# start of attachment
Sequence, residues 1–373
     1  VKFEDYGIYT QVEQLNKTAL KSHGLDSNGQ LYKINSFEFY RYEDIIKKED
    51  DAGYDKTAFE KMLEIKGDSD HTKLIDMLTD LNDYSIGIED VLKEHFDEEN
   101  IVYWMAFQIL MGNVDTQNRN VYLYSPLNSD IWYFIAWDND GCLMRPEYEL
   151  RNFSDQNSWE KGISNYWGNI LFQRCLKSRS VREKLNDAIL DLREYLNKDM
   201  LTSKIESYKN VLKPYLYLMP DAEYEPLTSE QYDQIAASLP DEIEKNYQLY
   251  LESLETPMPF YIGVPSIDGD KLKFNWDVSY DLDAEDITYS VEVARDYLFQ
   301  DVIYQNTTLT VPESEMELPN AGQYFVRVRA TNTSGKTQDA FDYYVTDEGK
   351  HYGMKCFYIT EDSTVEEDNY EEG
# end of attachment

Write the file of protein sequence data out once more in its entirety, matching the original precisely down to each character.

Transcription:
Sequence, residues 1–373
     1  VKFEDYGIYT QVEQLNKTAL KSHGLDSNGQ LYKINSFEFY RYEDIIKKED
    51  DAGYDKTAFE KMLEIKGDSD HTKLIDMLTD LNDYSIGIED VLKEHFDEEN
   101  IVYWMAFQIL MGNVDTQNRN VYLYSPLNSD IWYFIAWDND GCLMRPEYEL
   151  RNFSDQNSWE KGISNYWGNI LFQRCLKSRS VREKLNDAIL DLREYLNKDM
   201  LTSKIESYKN VLKPYLYLMP DAEYEPLTSE QYDQIAASLP DEIEKNYQLY
   251  LESLETPMPF YIGVPSIDGD KLKFNWDVSY DLDAEDITYS VEVARDYLFQ
   301  DVIYQNTTLT VPESEMELPN AGQYFVRVRA TNTSGKTQDA FDYYVTDEGK
   351  HYGMKCFYIT EDSTVEEDNY EEG